The Secret Sights Of London

london-skylineWhilst many visitors to London can appreciate the more notable attractions, here we want to highlight some of the lesser known sights that can be found in London.

A lot of people, especially Londoners themselves, appreciate these because they don’t always want to be a part of the hustle and bustle – sometimes it’s nice to have a bit of peace and quiet whilst visiting sights people don’t generally know about. Continue reading

Looking For A Quiet, Relaxing Break? London Can Offer That, Too!

IMAG0030.JPGAlthough there is a belief that London is a hustle and bustle type of city, which is true in many senses, it doesn’t always have to be that way.

There are a number of ways you can enjoy a quieter, more relaxed stay in our capital city; for example, do you know how many parks and open spaces there are in London?

If you count the City of London and Greater London, then you are looking at around 1,000 different green spaces to relax in.  These include Royal parks – such as those which surround DUKES – commons, public gardens and converted church yards. Continue reading

Van Gogh’s Sunflowers

Bask in the spring air and immerse yourself in blooming flowers, whatever the weather at The National Gallery with its amazing new exhibition, Vincent Van Gogh’s ‘The Sunflowers’.

For the first time in 65 years, The National Gallery is reuniting two of the five paintings in his most celebrated series of works. ‘Sunflowers’ was created in 1888, two years prior to Van Gogh’s tragic death. The paintings are a reflection of his friendship with the French artist Paul Gauguin, for whom they were made to decorate his bedroom. The show also reveals new insights into their artistic collaboration, and offers a deeper understanding of these works of art.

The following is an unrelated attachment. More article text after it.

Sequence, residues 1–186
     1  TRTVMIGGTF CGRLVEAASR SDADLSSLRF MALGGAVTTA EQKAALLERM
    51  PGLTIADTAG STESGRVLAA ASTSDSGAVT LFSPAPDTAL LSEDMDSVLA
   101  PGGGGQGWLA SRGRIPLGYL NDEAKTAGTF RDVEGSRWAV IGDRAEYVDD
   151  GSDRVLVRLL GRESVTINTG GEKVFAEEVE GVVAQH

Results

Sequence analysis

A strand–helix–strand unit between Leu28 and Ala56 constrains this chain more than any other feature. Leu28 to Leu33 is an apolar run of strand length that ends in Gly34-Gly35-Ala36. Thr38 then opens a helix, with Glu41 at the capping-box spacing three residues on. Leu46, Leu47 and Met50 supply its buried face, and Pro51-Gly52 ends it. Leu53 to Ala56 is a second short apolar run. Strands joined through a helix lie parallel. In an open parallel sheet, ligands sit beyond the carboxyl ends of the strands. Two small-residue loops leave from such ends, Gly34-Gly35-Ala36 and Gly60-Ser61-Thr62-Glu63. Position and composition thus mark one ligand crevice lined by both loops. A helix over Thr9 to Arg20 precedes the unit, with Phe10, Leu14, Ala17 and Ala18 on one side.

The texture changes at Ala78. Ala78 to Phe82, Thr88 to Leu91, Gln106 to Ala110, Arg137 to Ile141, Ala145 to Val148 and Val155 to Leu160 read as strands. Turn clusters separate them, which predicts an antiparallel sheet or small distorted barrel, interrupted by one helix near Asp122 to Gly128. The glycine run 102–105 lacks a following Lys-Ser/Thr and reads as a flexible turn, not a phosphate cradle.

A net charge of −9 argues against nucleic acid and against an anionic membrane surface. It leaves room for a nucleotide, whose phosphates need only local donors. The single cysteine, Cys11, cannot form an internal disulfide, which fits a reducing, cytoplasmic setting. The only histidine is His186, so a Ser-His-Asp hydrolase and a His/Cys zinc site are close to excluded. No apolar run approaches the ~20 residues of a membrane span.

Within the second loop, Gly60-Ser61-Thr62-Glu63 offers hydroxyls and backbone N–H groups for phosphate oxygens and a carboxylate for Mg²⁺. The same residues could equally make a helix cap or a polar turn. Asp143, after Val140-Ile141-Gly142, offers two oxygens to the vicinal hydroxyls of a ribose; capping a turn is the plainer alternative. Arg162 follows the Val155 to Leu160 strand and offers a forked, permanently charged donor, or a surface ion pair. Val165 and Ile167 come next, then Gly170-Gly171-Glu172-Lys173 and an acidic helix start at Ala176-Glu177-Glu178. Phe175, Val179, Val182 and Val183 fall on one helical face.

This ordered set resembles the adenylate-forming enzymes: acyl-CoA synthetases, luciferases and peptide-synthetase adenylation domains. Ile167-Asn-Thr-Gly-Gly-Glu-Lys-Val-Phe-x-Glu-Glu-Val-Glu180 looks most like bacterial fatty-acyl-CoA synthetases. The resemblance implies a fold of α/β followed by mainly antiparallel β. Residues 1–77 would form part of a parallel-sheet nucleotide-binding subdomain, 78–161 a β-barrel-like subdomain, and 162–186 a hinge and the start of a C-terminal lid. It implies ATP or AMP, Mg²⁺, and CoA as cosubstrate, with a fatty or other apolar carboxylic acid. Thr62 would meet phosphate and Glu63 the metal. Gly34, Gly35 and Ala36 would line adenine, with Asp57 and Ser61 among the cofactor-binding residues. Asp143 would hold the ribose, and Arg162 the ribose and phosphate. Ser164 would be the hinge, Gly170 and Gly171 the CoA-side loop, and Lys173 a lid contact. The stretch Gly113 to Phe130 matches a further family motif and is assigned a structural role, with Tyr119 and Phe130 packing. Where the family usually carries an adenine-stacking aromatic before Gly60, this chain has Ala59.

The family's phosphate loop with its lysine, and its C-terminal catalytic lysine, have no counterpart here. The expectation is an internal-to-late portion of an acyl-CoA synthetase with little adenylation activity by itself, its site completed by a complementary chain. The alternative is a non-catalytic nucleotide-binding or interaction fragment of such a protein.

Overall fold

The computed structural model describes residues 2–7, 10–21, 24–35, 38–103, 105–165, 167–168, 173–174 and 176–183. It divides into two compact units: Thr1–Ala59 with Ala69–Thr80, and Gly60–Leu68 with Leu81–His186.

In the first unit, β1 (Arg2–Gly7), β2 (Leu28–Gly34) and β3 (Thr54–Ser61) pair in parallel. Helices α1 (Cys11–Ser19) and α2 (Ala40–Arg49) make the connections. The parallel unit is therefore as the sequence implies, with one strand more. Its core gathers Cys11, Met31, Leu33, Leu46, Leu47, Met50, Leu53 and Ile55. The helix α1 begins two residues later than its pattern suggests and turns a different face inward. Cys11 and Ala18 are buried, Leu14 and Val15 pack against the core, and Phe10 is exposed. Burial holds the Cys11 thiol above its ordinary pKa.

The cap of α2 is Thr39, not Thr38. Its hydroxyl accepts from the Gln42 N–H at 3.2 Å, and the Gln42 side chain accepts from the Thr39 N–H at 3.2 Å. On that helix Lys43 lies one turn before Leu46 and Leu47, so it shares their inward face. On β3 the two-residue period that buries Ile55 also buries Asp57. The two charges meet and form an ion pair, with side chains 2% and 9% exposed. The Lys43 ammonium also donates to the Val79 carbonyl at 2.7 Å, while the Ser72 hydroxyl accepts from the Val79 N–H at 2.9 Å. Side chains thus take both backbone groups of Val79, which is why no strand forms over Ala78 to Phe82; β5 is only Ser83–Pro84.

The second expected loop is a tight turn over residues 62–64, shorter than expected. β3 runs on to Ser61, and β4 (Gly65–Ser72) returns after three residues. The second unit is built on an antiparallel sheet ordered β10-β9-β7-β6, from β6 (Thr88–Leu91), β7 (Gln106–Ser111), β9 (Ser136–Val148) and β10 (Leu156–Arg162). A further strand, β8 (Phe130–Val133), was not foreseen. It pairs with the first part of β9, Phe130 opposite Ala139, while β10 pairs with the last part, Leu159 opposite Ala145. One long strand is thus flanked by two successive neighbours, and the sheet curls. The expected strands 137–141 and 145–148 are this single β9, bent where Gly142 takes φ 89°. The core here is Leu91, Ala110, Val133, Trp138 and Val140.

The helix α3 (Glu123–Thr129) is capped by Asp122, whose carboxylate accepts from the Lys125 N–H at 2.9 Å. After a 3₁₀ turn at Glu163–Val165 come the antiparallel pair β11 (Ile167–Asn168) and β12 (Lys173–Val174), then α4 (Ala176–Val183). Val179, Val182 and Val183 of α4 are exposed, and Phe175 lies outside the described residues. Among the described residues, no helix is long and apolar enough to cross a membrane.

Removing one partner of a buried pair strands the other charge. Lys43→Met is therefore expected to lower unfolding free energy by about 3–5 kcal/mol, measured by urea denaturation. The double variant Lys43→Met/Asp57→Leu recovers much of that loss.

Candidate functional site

‘Sunflowers’ is all the more fascinating when you consider the events surrounding its creation. Van Gogh himself described the paintings as “a decoration in which the raw and broken chrome yellow will blaze forth on various backgrounds”. These two works, one a replica of another, were produced throughout a period where his and Gauguin’s relationship dramatically deteriorated. Following it, Van Gogh suffered a breakdown and cut off his ear.

Don’t miss the opportunity to see this masterpiece, an artistic landmark, as the exhibition is in its last month, ending on 27th April. Top off your day by reflecting on Van Gogh’s genius talent with an afternoon tea at DUKES London. Just a short walk away, DUKES offers delicate finger sandwiches, freshly baked scones and a varied selection of cream cakes to enjoy in our elegant drawing room and conservatory whilst overlooking a peaceful courtyard garden.